Middle East Monitor

September 2011
Monthly Media Digest

By Ibrahim Hewitt, Zulaikha Abdullah and Samira Quraishy


Most of the Israel-Palestine media coverage in the USA in September focused on the Palestinian bid for recognition by the UN as an independent state.

In the run up to that event Roger Cohen tackled the ongoing spat between Israel and Turkey over the Freedom Flotilla killings in the wake of the leaking of the UN Palmer Report. In "Israel isolates Itself", he pointed out that "It's hard to imagine any other circumstances in which the slaying in international waters, at point-blank range, of a U.S. citizen by forces of a foreign power would prompt such a singular American silence." This was a reference to Furkan Dogan, one of nine killed by Israeli commandos on the MV Marmara.

Although Turkey's Prime Minister raised this with President Barack Obama, said Cohen, "of course no U.S. president, and certainly no first-term U.S. president, would say what Prime Minister David Cameron of Britain said: 'The Israeli attack on the Gaza flotilla was completely unacceptable.' He continued, 'if there's an American citizen killed, raising such questions about Israel is a political no-no. So it goes in the taboo-littered cul-de-sac of U.S. foreign policy toward Israel, a foreign policy that is in large measure a domestic policy.' That, of course, was reflected in Obama's response to the Palestinian move at the UN.

Instead of apologizing, which Cohen believes would be the right and sensible thing for Israel to do, the coalition government led by Benjamin Netanyahu has pandered to the far-right. 'It's a typical case where coalition considerations trumped strategic thinking, and that's the tragedy,' Shlomo Avineri, an Israeli political scientist, told Cohen. Israel, added Avineri, needs "strategic wisdom". The lack of such wisdom, claims Cohen, has meant that Israel 'is losing one of its best friends in the Muslim world, Turkey'. Nevertheless, Cohen quotes Netanyahu's 'We need not apologize' mantra and points out that the Israeli Prime Minister has 'opted for a needless road to an isolation that weakens Israel and undermines the strategic interests of its closest ally, the United States'. In a damning indictment of the weakness of the US administration, Cohen closes with, 'Not that I expect Obama to raise his voice about this any more than he has over Dogan'.

An Editorial in the New York Times on 14 September was clear that 'Mr. Obama has not handled the Israeli-Palestinian issue adroitly'. Palestinians, said the NY Times, "certainly waited too long to begin negotiations, and Arab leaders failed to offer initiatives that might give Israel confidence that a serious deal was possible. But Mr. Netanyahu has been the most intractable, building settlements and blaming his inability to be more forthcoming on his conservative coalition." The Israeli leader has been "Egged on by Congressional Republicans, he has sought to embarrass Mr. Obama - astonishing behaviour for so close an ally that does not serve his own country's interest."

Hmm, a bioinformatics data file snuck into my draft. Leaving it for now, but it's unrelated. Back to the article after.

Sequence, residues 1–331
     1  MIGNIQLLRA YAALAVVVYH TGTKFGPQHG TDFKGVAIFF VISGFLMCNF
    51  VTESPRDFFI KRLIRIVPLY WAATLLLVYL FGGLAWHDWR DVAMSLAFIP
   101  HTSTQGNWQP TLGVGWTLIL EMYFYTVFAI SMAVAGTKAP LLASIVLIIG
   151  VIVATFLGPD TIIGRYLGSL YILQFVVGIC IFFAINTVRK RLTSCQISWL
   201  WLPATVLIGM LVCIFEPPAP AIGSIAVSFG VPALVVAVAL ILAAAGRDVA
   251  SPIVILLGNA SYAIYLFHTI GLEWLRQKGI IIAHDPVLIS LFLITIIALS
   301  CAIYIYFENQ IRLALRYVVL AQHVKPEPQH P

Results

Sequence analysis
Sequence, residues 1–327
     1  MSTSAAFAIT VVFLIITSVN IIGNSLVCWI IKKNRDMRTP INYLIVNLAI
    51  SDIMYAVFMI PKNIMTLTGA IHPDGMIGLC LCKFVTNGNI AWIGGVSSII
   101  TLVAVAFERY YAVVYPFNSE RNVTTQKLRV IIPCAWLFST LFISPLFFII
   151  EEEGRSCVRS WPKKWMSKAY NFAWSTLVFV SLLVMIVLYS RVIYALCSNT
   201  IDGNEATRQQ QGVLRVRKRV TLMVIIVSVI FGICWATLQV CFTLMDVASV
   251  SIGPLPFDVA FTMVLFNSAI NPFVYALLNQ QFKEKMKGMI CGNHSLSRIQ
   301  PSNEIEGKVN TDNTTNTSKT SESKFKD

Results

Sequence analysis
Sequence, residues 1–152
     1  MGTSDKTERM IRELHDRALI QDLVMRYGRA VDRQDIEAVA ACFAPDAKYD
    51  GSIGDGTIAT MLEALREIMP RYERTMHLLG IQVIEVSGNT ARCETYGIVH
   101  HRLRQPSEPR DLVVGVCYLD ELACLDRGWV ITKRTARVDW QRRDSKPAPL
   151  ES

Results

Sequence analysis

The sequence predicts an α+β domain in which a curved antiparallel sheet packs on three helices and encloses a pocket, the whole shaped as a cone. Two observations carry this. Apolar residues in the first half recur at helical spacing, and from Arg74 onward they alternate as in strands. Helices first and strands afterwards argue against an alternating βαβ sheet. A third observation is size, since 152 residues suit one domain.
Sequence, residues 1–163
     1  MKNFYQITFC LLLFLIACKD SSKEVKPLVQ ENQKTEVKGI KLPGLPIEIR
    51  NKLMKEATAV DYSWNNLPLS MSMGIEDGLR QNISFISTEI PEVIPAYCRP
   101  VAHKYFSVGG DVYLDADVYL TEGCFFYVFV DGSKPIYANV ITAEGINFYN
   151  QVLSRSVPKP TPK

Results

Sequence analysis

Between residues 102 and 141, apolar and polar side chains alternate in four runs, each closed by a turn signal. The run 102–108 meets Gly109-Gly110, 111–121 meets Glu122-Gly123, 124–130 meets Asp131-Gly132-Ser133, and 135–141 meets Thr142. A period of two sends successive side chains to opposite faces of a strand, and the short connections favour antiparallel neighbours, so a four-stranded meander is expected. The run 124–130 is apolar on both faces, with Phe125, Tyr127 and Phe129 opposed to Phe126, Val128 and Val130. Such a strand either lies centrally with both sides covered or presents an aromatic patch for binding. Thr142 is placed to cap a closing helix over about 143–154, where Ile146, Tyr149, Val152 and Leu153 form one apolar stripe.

Such disdain for the US administration by Netanyahu and the effect that his policies have on American interests was highlighted by Thomas L Friedman, also in the NY Times. Writing on 17 September, Friedman's article is brilliant: "I've never been more worried about Israel's future," he wrote. "The crumbling of key pillars of Israel's security - the peace with Egypt, the stability of Syria and the friendship of Turkey and Jordan - coupled with the most diplomatically inept and strategically incompetent government in Israel's history have put Israel in a very dangerous situation." Strong stuff; he adds that "This has also left the U.S. government fed up with Israel's leadership but a hostage to its ineptitude, because the powerful pro-Israel lobby in an election season can force the administration to defend Israel at the U.N., even when it knows Israel is pursuing policies not in its own interest or America's."

In a nutshell, there we have two generally pro-Israel columnists on the New York Times, Thomas L Friedman and Roger Cohen, plus an Editorial in the same newspaper, pointing out that the pro-Israel Lobby does not always work in the interests of the United States of America. Which makes it even more amazing that a) US citizens largely keep quiet about this fifth column in their midst, and b) the US government acquiesces to Israel's and the Lobby's demands. Surely that's little short of treasonous?

A slightly different take on the conflict was written by Stanley Fish in a NY Times opinion piece. Fish looked at academic freedom, censorship and so on with a focus on the Israel-Palestine issue. Commenting on the protest by the Shurat HaDin Israel Law Centre that a possible dinner at Columbia University for Iranian President Mahmoud Ahmedinejad would be "illegal" because of Iran's status in the US as "a state sponsor of terrorism", Fish pointed out that actually, it wouldn't be "material support" which is the main issue of such illegality. It is a complex argument, but according to Fish the First Amendment trumps later legislation when it comes to free speech and having Ahmedinejad to dinner and even giving him a platform to speak does not constitute the level of "material support" envisaged by the anti-terrorism legislation. He goes on to look at the whole issue of academia and boycotts/self-censorship of serious discussion on the Israel-Palestine issue. Worth reading if you have the time.

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